Department of Chemistry
Kevin Weeks

Kevin Weeks

Kenan Distinguished Professor
weeks@unc.edu
919-962-7486
919-962-2388 (fax)
GSB 3258

 

Research Interests

Structural and Chemical Biology of the Transcriptome

Professional Background

Fulbright Scholar, Universitaet Goettingen, Germany (1987), Yale University, Ph.D. (1992). Jane Coffin Childs Postdoctoral Fellow, University of Colorado (1992-1996); Research Innovation Award, Research Corporation (1997); Searle Scholar in the Biomedical Sciences (1998-2001); NSF Career Award (2000-2005); Visiting Scholar, National Institutes of Health, NIEHS (2002-2003); North Carolina Health & Life Sciences Promise for Tomorrow Award (2009); NIH EUREKA Award (2011-2015); Fellow, American Association for the Advancement of Science (2012); Visiting Fellow, Clare Hall, University of Cambridge, UK (2013-2014)

Research Synopsis

Research ImageThe vision of the Weeks group is to apply chemical principles to create high-content molecular microscopes that are used to understand the structure and function of RNA in cells and viruses. This work addresses multiple, critical challenges in cellular and structural biology because RNA functions as the central conduit for biological information transfer, yet we understand very little about the global architecture that is critical for the molecular functions of most RNAs.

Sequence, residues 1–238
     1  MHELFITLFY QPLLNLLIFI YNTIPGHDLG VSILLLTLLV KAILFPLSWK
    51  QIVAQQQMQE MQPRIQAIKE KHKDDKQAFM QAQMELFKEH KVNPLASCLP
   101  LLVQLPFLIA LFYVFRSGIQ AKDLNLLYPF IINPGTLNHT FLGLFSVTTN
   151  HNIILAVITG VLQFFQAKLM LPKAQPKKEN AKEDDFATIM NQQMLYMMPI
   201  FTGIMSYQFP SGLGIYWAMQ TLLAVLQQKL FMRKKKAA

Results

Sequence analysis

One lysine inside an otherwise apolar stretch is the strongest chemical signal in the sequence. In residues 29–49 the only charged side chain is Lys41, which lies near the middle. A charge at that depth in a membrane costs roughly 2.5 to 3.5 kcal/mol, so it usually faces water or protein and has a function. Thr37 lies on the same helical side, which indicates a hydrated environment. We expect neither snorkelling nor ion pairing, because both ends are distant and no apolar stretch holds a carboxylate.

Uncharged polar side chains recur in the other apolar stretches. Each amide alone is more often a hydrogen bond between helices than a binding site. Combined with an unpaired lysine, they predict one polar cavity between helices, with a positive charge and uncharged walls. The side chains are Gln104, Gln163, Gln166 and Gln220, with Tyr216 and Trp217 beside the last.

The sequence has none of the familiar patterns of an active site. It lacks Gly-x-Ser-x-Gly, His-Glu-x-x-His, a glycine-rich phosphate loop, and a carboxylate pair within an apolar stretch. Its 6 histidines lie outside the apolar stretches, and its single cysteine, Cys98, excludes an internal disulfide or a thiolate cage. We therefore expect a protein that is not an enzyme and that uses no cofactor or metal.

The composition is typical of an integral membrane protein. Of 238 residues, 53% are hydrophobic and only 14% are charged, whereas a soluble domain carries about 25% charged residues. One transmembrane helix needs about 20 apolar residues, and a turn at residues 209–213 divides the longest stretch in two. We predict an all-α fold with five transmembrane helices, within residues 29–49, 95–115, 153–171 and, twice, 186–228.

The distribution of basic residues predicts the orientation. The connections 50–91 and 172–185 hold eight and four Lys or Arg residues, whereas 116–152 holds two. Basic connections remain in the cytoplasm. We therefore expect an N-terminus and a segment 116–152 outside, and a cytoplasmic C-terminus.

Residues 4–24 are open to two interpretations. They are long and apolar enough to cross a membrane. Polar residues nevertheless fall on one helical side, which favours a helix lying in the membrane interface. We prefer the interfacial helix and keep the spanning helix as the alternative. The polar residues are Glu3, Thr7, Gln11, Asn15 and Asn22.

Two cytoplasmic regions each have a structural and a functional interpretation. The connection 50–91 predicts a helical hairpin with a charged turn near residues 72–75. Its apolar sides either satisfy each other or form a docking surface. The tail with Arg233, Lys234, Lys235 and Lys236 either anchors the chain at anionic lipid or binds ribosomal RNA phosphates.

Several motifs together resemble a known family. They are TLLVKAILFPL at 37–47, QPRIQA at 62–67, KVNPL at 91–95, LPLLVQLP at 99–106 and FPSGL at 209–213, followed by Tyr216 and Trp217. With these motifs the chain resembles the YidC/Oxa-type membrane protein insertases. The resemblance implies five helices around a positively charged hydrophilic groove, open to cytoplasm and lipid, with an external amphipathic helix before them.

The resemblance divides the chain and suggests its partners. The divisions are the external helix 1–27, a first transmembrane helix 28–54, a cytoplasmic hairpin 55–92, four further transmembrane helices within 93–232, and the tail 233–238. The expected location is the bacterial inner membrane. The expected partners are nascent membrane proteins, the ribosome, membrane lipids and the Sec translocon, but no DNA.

Our laboratory has pioneered technologies that make it possible to chemically interrogate RNA structure-function relationships at single-nucleotide resolution and then to evaluate these interactions on genome-wide scales using massively parallel analyses. SHAPE technologies, invented and under on-going development in the laboratory, are in use worldwide.

Most projects in the laboratory span fundamental chemistry or technology development and ultimately lead to deeply practical applications in virology, next-generation structure analysis, drug discovery, and understanding biological processes in living cells. Collectively, this work has led to extensive recognition of graduate student and postdoctoral colleagues in the laboratory.